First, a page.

An award-winning research paper on experiential learning authored by teaching professor Matthew Morrison and undergraduates John Dimpel (CSE ’20) and Emory Smith (CSE ’21) demonstrates the benefit of introducing industry projects into computer science and engineering coursework early in the undergraduate curricula.
Their paper, “The Preternship — An Academic-Industry Partnership Model for Experiential Learning Experiences in Computer Science Curricula,” won the H. Robert Schroeder Best Paper Award at the IEEE Integrated STEM Education Conference. The IEEE is the world’s major technical professional organization.
In the paper, Morrison, Dimpel, and Smith suggest that a “preternship” not only helps prepare students for positions in computer science and engineering fields, but also in others that require an understanding of a system, the ability to compare and judge alternate outcomes, and the capacity to process a range of technical and practical criteria. A preternship helps students apply curriculum fundamentals to real-world problems early in their undergraduate careers, Morrison said.
“Our research indicates that students respond better and learn more effectively through real-world experiential opportunities,” said Morrison. “They begin to master the technical aspects of a field, and, when working in groups on real-world projects, they gain communication, teamwork, and critical thinking skills.”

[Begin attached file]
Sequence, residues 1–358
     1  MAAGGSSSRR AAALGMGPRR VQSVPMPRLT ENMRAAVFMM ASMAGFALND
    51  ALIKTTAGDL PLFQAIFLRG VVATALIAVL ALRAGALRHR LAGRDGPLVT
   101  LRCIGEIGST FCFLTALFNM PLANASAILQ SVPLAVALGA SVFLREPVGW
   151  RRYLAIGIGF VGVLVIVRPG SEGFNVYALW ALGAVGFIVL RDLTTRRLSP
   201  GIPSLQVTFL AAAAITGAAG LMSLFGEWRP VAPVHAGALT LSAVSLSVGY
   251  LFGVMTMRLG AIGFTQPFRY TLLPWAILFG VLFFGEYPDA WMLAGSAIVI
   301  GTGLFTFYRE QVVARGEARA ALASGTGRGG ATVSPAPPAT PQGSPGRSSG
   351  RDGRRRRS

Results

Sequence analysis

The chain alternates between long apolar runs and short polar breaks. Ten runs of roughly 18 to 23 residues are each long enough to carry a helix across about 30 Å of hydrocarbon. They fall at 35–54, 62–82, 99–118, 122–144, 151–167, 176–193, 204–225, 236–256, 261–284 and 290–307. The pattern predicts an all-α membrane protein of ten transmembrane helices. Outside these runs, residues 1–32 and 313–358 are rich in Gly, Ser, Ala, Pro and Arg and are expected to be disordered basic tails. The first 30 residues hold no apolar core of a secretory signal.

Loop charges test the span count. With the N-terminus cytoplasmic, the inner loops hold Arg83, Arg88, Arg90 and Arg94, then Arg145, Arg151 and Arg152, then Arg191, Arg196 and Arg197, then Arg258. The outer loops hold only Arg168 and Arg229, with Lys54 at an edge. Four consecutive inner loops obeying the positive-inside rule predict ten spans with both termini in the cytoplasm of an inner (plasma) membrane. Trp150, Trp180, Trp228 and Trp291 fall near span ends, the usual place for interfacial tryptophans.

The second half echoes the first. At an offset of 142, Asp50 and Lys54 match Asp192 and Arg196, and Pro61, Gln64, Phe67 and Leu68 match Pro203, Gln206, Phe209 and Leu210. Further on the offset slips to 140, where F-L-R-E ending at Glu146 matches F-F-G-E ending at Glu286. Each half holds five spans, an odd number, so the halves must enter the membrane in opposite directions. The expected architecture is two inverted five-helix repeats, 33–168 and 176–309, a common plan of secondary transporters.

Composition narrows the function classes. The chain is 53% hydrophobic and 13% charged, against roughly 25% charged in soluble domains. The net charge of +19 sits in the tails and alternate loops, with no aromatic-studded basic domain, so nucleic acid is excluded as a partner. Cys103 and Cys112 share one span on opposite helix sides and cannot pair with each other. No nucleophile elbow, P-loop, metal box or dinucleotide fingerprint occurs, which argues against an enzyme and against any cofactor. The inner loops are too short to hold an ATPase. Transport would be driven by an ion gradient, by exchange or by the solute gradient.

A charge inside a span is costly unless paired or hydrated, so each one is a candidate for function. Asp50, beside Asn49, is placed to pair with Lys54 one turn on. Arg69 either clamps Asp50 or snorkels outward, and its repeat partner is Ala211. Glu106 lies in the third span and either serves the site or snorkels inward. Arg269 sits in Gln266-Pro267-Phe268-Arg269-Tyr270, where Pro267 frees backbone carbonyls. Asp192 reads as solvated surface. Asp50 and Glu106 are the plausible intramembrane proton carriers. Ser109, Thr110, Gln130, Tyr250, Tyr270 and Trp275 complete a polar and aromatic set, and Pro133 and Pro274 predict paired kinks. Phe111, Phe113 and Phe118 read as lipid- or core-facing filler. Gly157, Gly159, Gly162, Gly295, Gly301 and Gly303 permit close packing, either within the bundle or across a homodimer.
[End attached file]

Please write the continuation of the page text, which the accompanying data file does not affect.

The study involved a total of 50 students who worked with a wide range of companies, including AT&T, Cadence Design Systems, Cisco, Collins Aerospace, Evergreen Coast Capital, GE Current, GE Healthcare, General Motors, Gildepath, Google, IBM, Intel, Keystone Resorts, Lenovo, Micron Technologies, MITRE, Naval Nuclear Laboratories, ORRO, Panasonic Automotive, ProstheTech, Rapid7, Raytheon, RCM-X, ShotTracker, Timbredio, Torigen, and WabTech. Seven of the students received offers or were hired by participating companies.
The department will offer preternships to undergraduates in the Data Structures course during spring and fall semesters as it continues to build an infrastructure through which students can develop independent projects with industry mentors and expand opportunities for students to succeed after they graduate.
The Schroeder Award would have been presented at the conference at Princeton University, but this year it was delivered by mail. The award includes a $300 monetary award, which the undergraduates on the research team elected to donate to the South Bend Group Violence Intervention Group, said Morrison, who made the donation on their behalf. Thanks to community matching funds, “Emory and John’s compassion will now become a $900 investment in our community,” Morrison said.
— Nina Welding, College of Engineering